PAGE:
Aristocrat’s argument against apportionment with respect to the Trigger Claims was to the effect that the trigger was an essential component of the Konami EGMs, such that they would not have been made or sold without the trigger. The Court applied a two stage test; first, whether causation is established, for which the onus was on Aristocrat, and second, whether some profits had no reasonable connection to the infringement, for which the onus rested with Konami. The Court looked to the availability of non-infringing alternatives, not to ascertain whether apportionment was appropriate, but to assist in determining the value attributable to the infringement. Assessing the evidence as to the commercial value of the trigger invention, as opposed to other features of the Aristocrat games, the Court concluded that much of the appeal of these games was not attributable to the trigger, but to other factors such as the mathematics of the games and the overall presentation. Moreover, evidence from Konami meetings demonstrated that the use of the trigger was not the key or even a substantial driver in the design of its EGMs. Ultimately, informed by expert evidence comparing the financial turnover on games with and without this feature, and with adjustments for other factors, the Court decided on a weighting on 35% of profits attributable to the trigger.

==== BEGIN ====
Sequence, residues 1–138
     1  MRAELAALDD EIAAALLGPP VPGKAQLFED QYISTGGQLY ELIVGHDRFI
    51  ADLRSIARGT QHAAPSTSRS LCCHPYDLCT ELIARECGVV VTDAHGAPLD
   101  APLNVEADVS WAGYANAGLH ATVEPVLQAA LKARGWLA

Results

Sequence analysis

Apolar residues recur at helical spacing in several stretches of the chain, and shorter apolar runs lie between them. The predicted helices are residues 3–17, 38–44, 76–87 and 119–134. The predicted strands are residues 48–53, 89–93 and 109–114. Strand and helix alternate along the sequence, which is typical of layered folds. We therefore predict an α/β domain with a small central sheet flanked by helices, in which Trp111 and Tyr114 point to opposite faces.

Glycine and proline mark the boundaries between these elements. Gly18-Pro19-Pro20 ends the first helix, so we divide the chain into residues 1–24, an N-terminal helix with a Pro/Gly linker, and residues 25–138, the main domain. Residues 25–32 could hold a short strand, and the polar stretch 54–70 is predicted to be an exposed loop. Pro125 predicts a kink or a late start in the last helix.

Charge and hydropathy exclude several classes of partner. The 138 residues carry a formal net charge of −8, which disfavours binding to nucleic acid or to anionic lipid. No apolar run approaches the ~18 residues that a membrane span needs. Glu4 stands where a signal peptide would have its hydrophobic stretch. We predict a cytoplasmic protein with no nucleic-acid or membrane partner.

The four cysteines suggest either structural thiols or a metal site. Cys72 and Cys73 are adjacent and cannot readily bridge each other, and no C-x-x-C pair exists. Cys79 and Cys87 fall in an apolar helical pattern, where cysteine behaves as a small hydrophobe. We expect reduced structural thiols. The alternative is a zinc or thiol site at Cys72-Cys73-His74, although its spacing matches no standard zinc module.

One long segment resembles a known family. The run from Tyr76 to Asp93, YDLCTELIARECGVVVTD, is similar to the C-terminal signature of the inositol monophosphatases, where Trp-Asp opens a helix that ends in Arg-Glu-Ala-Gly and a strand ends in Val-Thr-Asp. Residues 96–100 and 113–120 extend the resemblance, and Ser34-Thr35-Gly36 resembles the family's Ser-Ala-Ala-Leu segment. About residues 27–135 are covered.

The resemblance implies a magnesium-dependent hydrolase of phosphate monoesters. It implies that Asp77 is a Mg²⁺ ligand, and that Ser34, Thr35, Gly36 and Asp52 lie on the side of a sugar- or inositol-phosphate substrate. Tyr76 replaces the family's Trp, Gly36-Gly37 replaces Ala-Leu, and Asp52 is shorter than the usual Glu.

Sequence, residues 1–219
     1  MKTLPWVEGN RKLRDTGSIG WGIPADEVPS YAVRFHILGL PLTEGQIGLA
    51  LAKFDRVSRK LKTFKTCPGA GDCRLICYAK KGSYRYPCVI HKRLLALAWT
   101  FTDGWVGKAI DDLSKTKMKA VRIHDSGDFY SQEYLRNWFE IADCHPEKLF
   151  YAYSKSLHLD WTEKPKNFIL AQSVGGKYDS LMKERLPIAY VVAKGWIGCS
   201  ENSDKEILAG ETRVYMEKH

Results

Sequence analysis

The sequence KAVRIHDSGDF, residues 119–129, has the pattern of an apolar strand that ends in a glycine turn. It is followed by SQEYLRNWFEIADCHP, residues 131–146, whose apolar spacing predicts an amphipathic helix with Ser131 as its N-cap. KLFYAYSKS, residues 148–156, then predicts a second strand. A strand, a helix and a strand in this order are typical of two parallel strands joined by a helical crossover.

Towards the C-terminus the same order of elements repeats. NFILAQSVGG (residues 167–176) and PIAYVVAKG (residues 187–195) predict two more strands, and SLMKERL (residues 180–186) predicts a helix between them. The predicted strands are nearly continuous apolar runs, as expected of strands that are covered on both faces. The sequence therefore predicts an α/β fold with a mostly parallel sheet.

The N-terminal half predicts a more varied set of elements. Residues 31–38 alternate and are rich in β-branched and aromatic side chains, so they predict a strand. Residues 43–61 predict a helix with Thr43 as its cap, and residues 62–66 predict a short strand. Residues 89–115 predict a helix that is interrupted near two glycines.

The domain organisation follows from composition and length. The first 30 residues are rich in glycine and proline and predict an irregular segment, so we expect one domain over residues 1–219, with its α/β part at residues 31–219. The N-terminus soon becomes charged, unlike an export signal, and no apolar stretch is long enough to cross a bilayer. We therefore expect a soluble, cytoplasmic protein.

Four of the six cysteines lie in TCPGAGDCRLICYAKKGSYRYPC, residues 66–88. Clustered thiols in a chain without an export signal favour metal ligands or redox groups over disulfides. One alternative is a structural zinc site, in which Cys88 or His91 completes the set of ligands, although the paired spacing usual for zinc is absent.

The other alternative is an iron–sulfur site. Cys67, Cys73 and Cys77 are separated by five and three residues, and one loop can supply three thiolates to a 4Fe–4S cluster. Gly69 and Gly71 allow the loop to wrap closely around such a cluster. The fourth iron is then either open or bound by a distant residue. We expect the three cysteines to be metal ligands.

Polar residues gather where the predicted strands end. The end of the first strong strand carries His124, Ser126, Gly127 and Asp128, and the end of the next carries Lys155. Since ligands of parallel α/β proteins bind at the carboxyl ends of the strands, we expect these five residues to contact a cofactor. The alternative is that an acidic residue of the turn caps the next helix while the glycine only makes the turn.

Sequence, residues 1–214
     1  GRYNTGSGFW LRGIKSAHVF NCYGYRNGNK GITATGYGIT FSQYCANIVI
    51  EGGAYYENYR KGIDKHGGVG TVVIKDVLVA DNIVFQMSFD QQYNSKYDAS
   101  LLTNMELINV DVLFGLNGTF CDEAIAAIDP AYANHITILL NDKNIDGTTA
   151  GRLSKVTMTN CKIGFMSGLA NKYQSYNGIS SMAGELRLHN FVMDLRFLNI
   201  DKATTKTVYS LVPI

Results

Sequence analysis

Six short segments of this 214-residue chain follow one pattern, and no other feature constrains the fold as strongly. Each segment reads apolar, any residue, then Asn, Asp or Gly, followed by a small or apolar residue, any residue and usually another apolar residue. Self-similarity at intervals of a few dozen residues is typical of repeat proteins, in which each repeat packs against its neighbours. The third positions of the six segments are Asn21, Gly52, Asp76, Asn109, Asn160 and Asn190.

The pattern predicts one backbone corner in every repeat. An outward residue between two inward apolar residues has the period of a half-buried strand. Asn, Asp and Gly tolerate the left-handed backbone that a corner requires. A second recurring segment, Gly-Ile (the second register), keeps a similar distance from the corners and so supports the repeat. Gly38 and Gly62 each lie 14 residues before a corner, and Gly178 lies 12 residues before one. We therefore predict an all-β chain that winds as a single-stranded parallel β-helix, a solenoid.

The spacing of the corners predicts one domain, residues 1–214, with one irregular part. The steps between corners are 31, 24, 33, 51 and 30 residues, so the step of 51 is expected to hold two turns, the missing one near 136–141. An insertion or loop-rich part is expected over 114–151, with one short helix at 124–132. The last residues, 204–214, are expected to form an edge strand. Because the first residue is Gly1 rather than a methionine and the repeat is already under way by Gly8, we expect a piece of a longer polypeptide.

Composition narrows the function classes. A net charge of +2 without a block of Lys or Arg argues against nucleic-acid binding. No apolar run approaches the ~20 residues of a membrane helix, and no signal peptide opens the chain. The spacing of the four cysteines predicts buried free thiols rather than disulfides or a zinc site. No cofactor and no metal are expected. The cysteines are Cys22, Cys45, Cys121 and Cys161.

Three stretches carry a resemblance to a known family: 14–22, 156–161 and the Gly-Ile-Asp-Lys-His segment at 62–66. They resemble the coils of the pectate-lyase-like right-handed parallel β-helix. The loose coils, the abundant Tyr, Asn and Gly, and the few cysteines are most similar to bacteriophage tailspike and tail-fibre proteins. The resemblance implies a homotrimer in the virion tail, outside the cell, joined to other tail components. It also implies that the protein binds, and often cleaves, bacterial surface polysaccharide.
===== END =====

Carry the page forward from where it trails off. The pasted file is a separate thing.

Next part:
Account of profits – deductions
The parties agreed that COGs and variable costs (such as freight) were deductable from the account of profits. The key point of disagreement was for fixed overheads such as product design and development, and the key difference in evidence related to the opportunity cost of foregone design of other products. Konami had the onus of establishing these were attributable to the manufacture and supply of infringing products. The Court was satisfied Konami would have had the desire and ability to manufacture EGMs and games with non-infringing triggers, even if they would have been less commercially appealing. The Court therefore allowed the deductions but with an adjustment reflecting that the resulting products would have provided lower profits. Other overhead costs were apportioned to the infringing sales.